"We believe that approaching the court will provide them with the necessary lessons on parliamentary rules and procedures," spokesman Moloto Mothapo said.
"We are confident that the court would educate them that Parliament, as an independent institution, is empowered by the Constitution to determine and control its internal arrangements, proceedings and procedures and to make rules and orders concerning its business."
He said these rules, endorsed by all parties, were necessary for the preservation of the dignity and decorum of Parliament.
"In this regard, the judiciary may not be used to unnecessarily meddle in the internal processes of the other independent arm of government," he said.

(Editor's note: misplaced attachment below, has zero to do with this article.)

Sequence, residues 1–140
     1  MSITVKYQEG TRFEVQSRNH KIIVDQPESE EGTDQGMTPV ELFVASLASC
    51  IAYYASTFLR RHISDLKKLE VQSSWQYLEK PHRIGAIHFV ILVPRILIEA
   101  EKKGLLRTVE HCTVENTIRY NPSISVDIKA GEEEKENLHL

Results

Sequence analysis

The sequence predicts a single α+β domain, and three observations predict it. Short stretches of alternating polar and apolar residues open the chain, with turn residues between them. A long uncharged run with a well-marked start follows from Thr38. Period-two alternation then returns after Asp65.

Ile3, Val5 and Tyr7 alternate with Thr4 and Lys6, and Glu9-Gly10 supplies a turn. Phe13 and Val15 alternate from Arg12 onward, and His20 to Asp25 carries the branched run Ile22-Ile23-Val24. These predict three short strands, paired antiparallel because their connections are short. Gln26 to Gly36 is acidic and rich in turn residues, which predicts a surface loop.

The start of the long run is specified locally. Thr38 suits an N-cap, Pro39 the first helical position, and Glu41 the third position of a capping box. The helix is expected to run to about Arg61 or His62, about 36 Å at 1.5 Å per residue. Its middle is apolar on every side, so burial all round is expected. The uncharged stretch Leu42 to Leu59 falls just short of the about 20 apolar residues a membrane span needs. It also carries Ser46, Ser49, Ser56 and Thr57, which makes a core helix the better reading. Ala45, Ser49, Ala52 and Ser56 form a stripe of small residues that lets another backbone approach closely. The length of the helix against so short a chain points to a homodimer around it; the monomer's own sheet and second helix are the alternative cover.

Last Thursday, the EFF defied orders from Speaker Baleka Mbete to leave the National Assembly after they disrupted presidential question time. They chanted "pay back the money", referring to the recommendation by Public Protector Thuli Madonsela in her report on President Jacob Zuma's Nkandla homestead.
EFF leader Julius Malema said the party would go to court to oppose their looming suspension from Parliament.
All 25 EFF MPs received formal letters from Mbete asking them to motivate why they should not be suspended from Parliament for disrupting the sitting.
Malema said EFF MPs were responding to Mbete's letters of warning through their lawyers, and giving her a deadline by which to assure them that she would not move a motion next week calling for their suspension.
Should she fail to give that undertaking, the lawyers would approach the high court for an urgent interdict barring the legislature from suspending them for the threatened seven to 14 days.